Mass spectrometry-based clinical proteomics profiling: current status ...

0 downloads 0 Views 248KB Size Report
15 Slany A, Haudek VJ, Gundacker NC et al. Introducing a new parameter for quality control of proteome profiles: consideration of commonly expressed proteins ...

Editorial For reprint orders, please contact [email protected]

Mass spectrometry-based clinical proteomics profiling: current status and future directions Expert Rev. Proteomics 6(5), 457–459 (2009)

Peter Findeisen Author for correspondence

Institute for Clinical Chemistry, Medical Faculty Mannheim of the University of Heidelberg, University Hospital Mannheim, TheodorKutzer-Ufer 1–3, D-68167 Mannheim, Germany

Michael Neumaier Institute for Clinical Chemistry, Medical Faculty Mannheim of the University of Heidelberg, University Hospital Mannheim, TheodorKutzer-Ufer 1–3, D-68167 Mannheim, Germany

“…new approaches for the development of MS-based profiling are emerging that comprise the development of both powerful and robust fractionation strategies.” Biomarker discovery and validation is a central application in current proteomic research to improve the diagnosis, treatment monitoring and prognosis of many diseases, including cancer, and vascular, neurological and autoimmune disorders. Mass spectrometry (MS)-based proteomics is heralded to offer substantial advantages over traditional antibody-based clinical assays, namely greater specificity, cost–effectiveness, time–effectiveness and the potential to multiplex up to hundreds of peptides in a single assay. The clinical proteomics profiling approach was initially defined as the direct application of proteomics technologies in combination with informatics tools to discover disease-associated changes in patterns of peptide profiles for direct diagnostic purpose [1] . However, it became increasingly evident that respective peaks within the peptidomics profiles needed to be identified [2] . Over the past few years, tremendous progress in MS instrumentation has been achieved that has fueled progress in the field. Modern proteomics methods comprise a plethora of heterogeneous techniques allowing not only protein and peptide patterns to be analyzed, but also biomarkers to be identified and quantified of. The MS-based biomarker discovery can be grouped into three main strategies: • Protein profiling methods that do not directly result in the identification of proteins but, rather, generate ‘fingerprints’ that are compared between individuals or samples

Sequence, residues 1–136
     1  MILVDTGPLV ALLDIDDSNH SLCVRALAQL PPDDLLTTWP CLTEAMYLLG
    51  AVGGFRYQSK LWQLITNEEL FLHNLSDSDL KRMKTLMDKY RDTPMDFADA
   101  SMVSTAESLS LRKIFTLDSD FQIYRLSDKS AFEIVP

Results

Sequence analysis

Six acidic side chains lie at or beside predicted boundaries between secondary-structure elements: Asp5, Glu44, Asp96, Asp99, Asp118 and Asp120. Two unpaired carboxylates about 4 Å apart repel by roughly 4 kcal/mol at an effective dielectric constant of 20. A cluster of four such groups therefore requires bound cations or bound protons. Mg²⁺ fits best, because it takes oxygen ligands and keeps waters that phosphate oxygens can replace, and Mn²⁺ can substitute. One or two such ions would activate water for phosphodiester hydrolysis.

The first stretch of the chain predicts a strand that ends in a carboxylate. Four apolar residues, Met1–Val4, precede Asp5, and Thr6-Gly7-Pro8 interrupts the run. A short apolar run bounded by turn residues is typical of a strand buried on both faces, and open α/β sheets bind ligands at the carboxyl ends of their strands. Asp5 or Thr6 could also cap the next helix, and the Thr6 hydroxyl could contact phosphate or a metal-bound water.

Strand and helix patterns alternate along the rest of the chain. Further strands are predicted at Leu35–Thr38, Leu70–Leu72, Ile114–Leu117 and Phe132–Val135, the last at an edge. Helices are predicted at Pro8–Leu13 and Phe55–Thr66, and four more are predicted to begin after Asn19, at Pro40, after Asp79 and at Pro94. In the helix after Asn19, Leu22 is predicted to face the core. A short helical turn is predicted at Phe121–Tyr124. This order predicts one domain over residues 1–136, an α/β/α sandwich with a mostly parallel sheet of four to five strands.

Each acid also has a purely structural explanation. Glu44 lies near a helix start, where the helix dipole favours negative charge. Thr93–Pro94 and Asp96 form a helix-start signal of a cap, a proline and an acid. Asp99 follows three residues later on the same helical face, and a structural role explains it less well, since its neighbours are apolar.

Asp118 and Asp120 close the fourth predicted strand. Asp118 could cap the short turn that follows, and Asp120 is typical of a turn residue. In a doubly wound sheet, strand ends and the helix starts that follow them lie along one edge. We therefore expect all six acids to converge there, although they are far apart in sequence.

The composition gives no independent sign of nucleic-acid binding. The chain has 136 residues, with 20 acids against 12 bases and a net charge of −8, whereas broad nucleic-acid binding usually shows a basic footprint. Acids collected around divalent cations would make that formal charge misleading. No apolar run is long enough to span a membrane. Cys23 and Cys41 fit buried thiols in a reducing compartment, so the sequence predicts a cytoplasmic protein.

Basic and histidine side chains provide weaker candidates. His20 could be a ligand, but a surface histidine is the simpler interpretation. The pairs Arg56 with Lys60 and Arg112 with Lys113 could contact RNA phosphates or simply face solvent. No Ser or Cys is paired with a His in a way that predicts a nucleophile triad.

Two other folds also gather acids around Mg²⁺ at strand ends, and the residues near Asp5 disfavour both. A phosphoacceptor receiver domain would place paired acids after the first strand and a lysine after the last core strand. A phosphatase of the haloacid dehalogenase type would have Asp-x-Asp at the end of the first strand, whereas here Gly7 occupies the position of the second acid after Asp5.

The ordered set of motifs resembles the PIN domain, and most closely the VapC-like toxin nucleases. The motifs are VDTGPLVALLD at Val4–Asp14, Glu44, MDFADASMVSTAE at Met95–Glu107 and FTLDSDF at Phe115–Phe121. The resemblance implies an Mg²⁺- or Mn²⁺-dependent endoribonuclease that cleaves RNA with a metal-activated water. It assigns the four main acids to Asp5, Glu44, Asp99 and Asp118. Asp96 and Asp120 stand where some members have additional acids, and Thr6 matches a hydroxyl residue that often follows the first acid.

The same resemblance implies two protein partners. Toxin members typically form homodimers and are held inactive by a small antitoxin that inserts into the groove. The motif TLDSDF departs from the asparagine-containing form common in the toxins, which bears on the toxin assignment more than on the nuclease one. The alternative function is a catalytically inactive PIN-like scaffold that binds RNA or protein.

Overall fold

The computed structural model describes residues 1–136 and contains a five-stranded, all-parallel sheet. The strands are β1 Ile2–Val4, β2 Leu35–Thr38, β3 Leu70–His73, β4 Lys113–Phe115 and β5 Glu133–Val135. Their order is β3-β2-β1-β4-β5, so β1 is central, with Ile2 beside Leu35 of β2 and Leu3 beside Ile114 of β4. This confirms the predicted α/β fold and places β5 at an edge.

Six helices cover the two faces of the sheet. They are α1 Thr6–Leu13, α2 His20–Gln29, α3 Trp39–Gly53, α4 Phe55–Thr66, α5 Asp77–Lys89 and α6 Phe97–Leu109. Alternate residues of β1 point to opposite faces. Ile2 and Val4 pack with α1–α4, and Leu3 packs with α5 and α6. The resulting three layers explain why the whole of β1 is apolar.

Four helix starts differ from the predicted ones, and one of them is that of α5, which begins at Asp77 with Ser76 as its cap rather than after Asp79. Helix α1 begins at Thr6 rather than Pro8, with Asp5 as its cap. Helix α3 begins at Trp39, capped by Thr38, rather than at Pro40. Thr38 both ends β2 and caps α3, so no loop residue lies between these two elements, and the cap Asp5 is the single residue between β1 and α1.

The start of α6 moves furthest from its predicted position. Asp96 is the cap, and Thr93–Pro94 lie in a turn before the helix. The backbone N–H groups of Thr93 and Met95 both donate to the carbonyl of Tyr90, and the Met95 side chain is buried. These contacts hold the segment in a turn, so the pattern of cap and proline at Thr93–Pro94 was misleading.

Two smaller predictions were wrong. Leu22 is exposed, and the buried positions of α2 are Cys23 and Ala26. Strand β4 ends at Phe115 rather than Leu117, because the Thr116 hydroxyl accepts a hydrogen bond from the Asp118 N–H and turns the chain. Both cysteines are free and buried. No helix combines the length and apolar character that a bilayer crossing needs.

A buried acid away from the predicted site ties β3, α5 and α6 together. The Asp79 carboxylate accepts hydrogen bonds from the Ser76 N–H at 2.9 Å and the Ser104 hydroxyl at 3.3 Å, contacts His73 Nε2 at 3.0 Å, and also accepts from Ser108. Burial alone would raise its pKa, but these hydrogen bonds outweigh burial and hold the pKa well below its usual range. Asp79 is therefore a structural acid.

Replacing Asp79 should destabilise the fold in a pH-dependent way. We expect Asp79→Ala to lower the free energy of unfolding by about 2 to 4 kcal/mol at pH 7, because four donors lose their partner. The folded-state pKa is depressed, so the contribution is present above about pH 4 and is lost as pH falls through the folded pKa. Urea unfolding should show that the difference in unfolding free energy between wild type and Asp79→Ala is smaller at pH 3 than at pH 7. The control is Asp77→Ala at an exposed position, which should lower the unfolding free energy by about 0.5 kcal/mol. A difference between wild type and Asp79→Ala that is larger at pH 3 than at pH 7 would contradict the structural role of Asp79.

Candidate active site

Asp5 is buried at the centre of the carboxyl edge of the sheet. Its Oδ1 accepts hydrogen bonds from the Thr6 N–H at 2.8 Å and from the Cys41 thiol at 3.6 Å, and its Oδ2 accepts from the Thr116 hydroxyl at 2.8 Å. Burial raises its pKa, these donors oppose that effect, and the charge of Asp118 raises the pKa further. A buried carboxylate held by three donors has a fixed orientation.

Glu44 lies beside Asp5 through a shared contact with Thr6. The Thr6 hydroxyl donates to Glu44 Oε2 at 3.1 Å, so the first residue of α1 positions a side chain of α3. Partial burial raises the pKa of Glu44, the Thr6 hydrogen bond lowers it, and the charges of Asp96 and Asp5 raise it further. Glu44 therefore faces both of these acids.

• Non-gel-based methods that rely on liquid chromatography (LC) coupled to MS for both quantitation and identification of proteins • 2DE to quantitate relative protein levels, followed by MS to identify proteins of interest Owing to good reproducibility and high-throughput capability, only the first two workflows are applicable for clinical proteomics approaches. Until now, most of the proteomics profiling studies have been performed using SELDI- or MALDI-TOF MS. The crude clinical samples are fractionated using simple one-step affinity chromatography on activated solid phases before MS ana­lysis [3] . By contrast, only a few profiling studies have employed complex profiling strategies that couple LC [4] or capillary electrophoresis directly with MS [5] . These MS-based techniques can be applied easily to a variety of clinical specimens, including serum, plasma, urine or tissue samples. Specifically, the capillary electrophoresis MS ana­lysis of urine has evolved as one of the most attractive approaches in clinical proteomics that has advanced to be introduced for diagnostic testing in the near future [6] . However, the vast majority of all studies with serum and plasma specimens has serious shortcomings, and most of the results could not be validated independently [7] . This is owing to major obstacles that are related to the lack of standardization regarding preanalytical, analytical and postanalytical variabilities, thus, making it difficult to compare results from different profiling studies [8] .

© 2009 Expert Reviews Ltd

ISSN 1478-9450



Findeisen & Neumaier